33,500 fired from Turkish law enforcement for FETÖ Terrorist group links


Turkey’s top police chief said 33,500 police officers, from chiefs to policemen in lower ranks, were suspended and dismissed from the force for their links to the Gülenist Terror Group (FETÖ). Speaking to Demirören News Agency (DHA), Celal Uzunkaya, director of the National Police, said both before and after the July 15, 2016 coup attempt, 33,500 people were suspended, dismissed or arrested for their affiliations with the terrorist group.

FETÖ is accused of carrying out the 2016 coup attempt through its infiltrators in the military.Uzunkaya also stated that a “legal process” was launched for 240,000 FETÖ suspects in the public sector, and 85,000 of them were arrested. “We don’t have a staff shortage due to dismissals. We boosted law enforcement with new hiring,” Uzunkaya noted.

FETÖ, which posed as a charity movement with religious undertones for decades, had managed to infiltrate its members into law enforcement, the military, the judiciary and the bureaucracy over the years. Most were recruited before they applied to the military, police or law schools, and FETÖ is accused of stealing questions and answers for exams for admission to those schools, easily planting its members without suspicion. The group’s members in law enforcement and the judiciary were at the forefront in FETÖ’s first attempt to overthrow the government in 2013.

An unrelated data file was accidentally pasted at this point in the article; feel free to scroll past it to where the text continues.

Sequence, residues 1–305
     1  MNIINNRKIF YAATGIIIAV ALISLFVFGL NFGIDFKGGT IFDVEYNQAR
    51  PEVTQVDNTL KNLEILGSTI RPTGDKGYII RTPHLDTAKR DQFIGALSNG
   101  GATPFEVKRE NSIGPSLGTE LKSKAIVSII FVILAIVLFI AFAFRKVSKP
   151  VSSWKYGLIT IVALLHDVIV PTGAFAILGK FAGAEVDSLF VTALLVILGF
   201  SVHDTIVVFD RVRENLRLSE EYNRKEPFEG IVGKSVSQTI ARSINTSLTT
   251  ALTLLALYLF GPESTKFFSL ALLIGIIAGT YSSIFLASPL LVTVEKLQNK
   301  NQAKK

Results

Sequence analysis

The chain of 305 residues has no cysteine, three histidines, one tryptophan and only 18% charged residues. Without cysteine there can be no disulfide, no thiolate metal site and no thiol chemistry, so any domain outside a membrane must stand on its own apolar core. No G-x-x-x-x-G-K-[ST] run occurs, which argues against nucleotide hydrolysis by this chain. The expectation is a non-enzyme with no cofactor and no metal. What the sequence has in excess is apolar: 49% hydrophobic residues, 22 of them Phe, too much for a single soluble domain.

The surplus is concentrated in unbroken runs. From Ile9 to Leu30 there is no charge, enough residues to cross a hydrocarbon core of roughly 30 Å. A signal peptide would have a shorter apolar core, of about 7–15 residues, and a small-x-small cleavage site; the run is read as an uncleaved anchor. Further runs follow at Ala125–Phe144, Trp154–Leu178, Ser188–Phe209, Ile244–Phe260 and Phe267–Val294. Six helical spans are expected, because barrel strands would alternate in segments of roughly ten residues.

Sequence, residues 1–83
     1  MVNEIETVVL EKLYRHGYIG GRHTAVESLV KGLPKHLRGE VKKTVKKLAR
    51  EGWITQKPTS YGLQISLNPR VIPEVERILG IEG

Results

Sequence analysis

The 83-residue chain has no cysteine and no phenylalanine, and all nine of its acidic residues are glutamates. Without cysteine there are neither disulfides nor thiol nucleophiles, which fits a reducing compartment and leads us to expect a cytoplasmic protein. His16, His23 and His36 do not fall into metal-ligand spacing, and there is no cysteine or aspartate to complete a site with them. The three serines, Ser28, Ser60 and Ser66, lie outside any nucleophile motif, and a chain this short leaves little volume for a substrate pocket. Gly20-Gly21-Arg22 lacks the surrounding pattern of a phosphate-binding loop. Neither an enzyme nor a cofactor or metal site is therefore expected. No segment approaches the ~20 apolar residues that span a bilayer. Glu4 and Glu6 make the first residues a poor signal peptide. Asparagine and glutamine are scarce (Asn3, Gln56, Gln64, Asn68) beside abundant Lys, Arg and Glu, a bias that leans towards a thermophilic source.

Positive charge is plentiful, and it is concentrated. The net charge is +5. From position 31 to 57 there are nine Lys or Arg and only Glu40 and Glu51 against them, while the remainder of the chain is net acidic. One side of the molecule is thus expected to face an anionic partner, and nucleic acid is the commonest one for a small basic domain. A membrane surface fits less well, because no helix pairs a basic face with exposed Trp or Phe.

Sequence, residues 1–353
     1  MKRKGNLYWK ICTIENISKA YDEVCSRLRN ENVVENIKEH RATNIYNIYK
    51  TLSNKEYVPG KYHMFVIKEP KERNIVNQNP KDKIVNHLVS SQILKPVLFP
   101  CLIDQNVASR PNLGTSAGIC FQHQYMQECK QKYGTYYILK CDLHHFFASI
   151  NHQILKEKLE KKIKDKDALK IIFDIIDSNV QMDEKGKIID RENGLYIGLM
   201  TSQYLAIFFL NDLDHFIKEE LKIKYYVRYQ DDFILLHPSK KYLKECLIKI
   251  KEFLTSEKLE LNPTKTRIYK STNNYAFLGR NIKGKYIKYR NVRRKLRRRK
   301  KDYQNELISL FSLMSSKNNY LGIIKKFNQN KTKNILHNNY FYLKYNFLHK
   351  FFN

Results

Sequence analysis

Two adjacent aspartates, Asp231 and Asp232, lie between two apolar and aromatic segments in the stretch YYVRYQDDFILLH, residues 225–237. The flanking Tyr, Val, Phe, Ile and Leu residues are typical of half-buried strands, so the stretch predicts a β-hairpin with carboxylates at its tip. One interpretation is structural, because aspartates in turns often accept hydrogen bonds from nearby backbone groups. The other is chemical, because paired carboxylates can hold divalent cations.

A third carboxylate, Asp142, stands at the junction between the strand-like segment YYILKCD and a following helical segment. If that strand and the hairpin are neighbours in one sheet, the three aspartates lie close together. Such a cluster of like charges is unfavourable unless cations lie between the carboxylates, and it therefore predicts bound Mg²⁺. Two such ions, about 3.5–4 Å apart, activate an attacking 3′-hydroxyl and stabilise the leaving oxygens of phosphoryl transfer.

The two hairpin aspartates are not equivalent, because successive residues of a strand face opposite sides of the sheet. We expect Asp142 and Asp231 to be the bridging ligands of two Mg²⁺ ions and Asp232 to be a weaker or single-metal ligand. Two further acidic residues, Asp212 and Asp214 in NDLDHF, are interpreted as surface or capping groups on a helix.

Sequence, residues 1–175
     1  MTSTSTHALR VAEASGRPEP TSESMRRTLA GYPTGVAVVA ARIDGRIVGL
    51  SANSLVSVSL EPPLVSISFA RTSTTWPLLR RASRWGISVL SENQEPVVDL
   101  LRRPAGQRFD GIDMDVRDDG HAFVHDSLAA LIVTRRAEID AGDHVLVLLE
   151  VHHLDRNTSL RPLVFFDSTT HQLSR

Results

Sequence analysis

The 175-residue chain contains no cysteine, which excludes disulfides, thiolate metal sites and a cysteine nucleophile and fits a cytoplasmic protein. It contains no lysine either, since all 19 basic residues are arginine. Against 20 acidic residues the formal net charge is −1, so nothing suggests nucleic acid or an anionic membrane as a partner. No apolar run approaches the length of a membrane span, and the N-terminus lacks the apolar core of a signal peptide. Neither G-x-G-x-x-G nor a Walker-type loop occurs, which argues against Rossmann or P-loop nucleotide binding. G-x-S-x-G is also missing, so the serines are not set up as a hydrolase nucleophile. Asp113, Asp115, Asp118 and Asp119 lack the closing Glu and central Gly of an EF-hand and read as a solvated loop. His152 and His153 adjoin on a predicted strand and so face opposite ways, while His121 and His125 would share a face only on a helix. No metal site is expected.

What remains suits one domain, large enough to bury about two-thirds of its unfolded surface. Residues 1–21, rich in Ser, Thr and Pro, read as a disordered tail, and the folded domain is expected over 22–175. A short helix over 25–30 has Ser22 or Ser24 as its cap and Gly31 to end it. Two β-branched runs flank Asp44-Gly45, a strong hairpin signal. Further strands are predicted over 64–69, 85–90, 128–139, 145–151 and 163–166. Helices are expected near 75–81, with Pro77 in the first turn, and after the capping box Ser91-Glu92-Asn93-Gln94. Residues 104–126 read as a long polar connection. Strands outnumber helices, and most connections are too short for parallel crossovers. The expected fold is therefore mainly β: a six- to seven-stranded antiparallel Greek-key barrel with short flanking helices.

This coup attempt, under the guise of a graft probe targeting people close to the government, was thwarted, marking a turning point in the fight against FETÖ. Authorities started cracking down on the group’s members after the first coup attempt and was about to start purging more of its infiltrators in the military when the 2016 coup attempt that killed 251 people took place.

Tens of thousands of people were arrested or detained following the 2016 coup bid, and new investigations have disclosed previously unknown infiltrators in law enforcement. Some police officers were also caught red-handed while assisting the soldiers behind the 2016 attempts, such as former police chief Mithat Aynacı who was caught in a tank commanded by putschists in Istanbul and former chiefs of police intelligence caught as they were helping putschists to seize police intelligence headquarters in the capital Ankara.